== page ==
Friday, March 13, 2009

Ozone risk worse than once thought

Bad news if you live in polluted megalopolises like Seoul (or Sao Paulo, Los Angeles, etc.): that ozone may be killing you, and not only on days when the ozone levels high.

A longitudinal study released this week in the New England Journal of Medicine (that's the one that DIDN'T print Hwang's findings) says that ozone may be deadlier than once thought. It says that ozone increases the yearly risk of death from respiratory diseases by 40% to 50% in heavily polluted cities (such as Los Angeles) and 25% in other places. These include obstructive pulmonary disease, emphysema, and pneumonia, which account for 8.5% of all deaths in the United States.

Longitudinal studies are often the most thorough in finding the causes and effects of different agents and ailments, but by nature they take a long time. Subjects in this study were tracked for an average of eighteen years.
Environmental scientists already knew that increases in ozone during periods of heavy pollution caused short-term effects, such as asthma attacks, increased hospitalizations and deaths from heart attacks.

But the 18-year study of nearly half a million people, reported today in the New England Journal of Medicine, is the first to show that long-term, low-level exposure to the pollutant can also be lethal.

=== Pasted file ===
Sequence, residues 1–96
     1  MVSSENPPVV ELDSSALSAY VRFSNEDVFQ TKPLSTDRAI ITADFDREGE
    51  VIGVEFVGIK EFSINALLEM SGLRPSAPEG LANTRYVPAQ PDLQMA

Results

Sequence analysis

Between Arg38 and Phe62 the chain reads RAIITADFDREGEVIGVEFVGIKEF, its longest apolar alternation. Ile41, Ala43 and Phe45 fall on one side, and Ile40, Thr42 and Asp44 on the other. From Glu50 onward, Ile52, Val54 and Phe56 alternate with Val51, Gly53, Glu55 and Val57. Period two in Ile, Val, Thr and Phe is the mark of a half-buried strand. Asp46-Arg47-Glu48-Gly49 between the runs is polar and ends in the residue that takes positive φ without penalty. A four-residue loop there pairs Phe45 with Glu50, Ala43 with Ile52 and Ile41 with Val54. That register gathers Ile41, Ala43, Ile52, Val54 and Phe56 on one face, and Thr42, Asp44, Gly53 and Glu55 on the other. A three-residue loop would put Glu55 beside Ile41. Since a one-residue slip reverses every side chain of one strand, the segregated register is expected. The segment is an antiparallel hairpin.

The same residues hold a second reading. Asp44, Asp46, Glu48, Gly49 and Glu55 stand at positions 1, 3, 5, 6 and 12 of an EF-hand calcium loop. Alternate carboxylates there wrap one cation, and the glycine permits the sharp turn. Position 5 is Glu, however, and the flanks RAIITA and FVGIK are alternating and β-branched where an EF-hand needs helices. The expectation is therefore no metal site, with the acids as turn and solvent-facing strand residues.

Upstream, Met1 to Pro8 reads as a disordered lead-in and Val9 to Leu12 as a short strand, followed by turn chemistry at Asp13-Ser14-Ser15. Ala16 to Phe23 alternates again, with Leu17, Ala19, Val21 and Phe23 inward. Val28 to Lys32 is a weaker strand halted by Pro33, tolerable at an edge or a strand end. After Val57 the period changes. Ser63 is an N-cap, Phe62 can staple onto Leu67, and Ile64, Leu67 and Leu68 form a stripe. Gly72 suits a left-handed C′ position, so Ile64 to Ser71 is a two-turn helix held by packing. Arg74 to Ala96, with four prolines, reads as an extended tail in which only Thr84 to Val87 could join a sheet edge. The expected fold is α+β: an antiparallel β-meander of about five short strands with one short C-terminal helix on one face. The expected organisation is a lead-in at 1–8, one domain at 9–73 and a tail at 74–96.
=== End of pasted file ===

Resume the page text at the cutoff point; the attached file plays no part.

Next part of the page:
What may be at work is that people with already chronic respiratory problems are dying one or two years early; The LAT article cites study coauthor Michael Jerrett of UC Berkeley as saying that the findings "could have profound implications because they show that ozone worsens conditions that already kill a large number of people." Furthermore, the constant exposure to ozone itself may be creating higher numbers of such chronically ill people to begin with.

While the Korean government has been making significant strides toward cleaner air (no more yŏnt'an coal bricks, no more Diesel-powered buses, etc.) clearly more needs to be done. The Environmental Protection Agency in the US has already said it will "revisit the current ozone standards in the country," and places like South Korea should follow suit.

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